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Should Internet Purchases be taxed

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Internet Purchases Should Internet Purchases be taxed Internet shopping is here to stay, its future growth with imposition of sales taxes on online shopping, may be a question mark. People are buying more than goods online, from the comfort of their homes or offices, than they bought before, the reason being that very few of the online stores charge sales tax, so the users get a discounted price on their purchases (thisnation, Dec 2006). Shopping online may be different in terms of experience, however money is still exchanged for goods – but the purchase may be made from a physically remote location. If tax is to be charged then how does one then resolve where to source the tax Supreme Court ruling in 1992 stopped states from collecting tax on out of state merchants’ phone, mail or internet orders – orders which shipped goods into another state (Wiener, Leonard). Projected estimates of lost revenue due to decrease in sales taxes collection, go as high as $55 billion by 2011. Interestingly now many of the retailers are providing option of in store pickup after ordering online, which ironically enforces sales tax collection as sales tax is compulsory on store pickup. (Leonard).
State and local governments are worried that lost revenue may decrease their ability to provide civic services at expected levels since expected revenue from store front retail sales are being increasingly cannibalized by online retail (Yegyazarian, Anush 54). If increasingly larger amounts are siphoned off then to make up for loss either newer stream of income has to be realized (by increasing taxes) or by cutting spending (thisnation, Dec 2006). Many retailers go to great lengths to avoid physical presence in high sales tax states, because they can use a lacuna in the laws and save significantly on paying the sales taxes. Economist Goolsbee argues that imposing taxes on cybershopping may could cause online sales to drop
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by as much as 24 percent. (Yegyazarian, Anush 54). Also another viewpoint is that since only wealthier Americans shop online, discounts are not helping the right segment – possibly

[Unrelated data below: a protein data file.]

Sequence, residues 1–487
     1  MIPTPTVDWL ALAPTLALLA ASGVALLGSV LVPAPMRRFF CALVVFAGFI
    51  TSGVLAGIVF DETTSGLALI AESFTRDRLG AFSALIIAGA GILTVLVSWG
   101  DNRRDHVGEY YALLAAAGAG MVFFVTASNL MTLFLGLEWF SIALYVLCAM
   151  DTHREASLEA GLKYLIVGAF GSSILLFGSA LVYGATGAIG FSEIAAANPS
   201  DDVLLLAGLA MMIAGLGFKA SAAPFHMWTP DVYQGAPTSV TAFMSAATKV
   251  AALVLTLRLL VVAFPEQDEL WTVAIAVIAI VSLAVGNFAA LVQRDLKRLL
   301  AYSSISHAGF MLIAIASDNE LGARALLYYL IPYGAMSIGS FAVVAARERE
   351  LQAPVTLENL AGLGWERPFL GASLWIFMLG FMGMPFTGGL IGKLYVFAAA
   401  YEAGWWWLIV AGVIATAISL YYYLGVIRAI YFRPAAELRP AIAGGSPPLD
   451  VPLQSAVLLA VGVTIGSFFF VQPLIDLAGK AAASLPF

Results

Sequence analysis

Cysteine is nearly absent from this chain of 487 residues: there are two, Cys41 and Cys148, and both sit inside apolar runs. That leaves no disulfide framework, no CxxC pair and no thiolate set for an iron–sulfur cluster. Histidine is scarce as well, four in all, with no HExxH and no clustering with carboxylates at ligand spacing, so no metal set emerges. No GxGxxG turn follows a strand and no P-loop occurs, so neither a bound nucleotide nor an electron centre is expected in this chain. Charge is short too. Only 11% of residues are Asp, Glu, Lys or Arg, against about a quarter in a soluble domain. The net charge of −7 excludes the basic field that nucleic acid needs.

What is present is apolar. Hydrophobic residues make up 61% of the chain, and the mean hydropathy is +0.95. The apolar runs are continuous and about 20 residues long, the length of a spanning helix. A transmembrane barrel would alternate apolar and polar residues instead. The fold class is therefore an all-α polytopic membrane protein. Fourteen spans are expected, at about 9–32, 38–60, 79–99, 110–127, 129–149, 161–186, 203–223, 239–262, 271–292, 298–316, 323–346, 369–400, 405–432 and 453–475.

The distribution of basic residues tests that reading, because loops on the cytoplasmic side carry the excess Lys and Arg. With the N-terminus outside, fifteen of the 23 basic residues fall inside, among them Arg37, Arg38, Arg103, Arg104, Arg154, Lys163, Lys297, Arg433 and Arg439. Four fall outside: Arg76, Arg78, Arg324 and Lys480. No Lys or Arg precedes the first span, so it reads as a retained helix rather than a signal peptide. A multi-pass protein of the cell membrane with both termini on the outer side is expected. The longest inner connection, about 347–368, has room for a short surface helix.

Decreasing taxes across the board would help the lower classes as well which actually constitute the growth market.
Shopping days without the avoidance of sales tax may be transient. Such savings in taxation is countered appreciably by Streamlined Sales Tax Project (SSTP) which is a consortium of 39 states that are working on ‘harmonizing and simplifying sales taxes so a shopper may not have the luxury of shopping in another state when one state’s taxes are higher (consumer comments, 2003). SSTP is not an easy process, different states may classify same foodstuff into separate categories, making rationalizing extremely painstaking and slow. This bait comes with a hook – if the businesses register and start collecting taxes, they may not be asked for back taxes, at least for that one year. Another look at SSTP reflects the doubt of many businesses, and online giants like Amazon are taking the position that they will only start collecting the state taxes when the process is made simple and fair (Tanner, Robert Aug 2005).
Additional taxes would make shopping dearer for the consumers decreasing the charm of online shopping and there might be an initial dip in revenue streams once sales taxes are imposed. However, since the Internet and online shopping allow for direct contact with the supplier, eliminating the middlemen therefore online shopping might still be cheaper than traditional shopping from visiting the nearby community stores.
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Works Cited
1. Thisnation.com American Government amp. Politics Online. December 9, 2006. 2 Leonard Wiener. No Longer A Tax-Free Zone : Get ready to pay taxes on online purchases. 11 March 2003. 9 December, 2006. 3. New push for Internet sales tax ominous for consumers. Consumer Comments. Volume 27, Number 4, Winter 2003.
4. Anush Yegyazarian Attention net shoppers: Cybersales taxes loom. PC World.San Francisco: Apr 2000.Vol.18,Iss.4.pg.54,2pgs
5. Robert Tanner. States expand push for sales taxes on Internet purchases August 31, 2005. 9 December, 2006
http://www.usatoday.com/tech/news/techpolicy/2005-08-31-internet-taxes_x.htm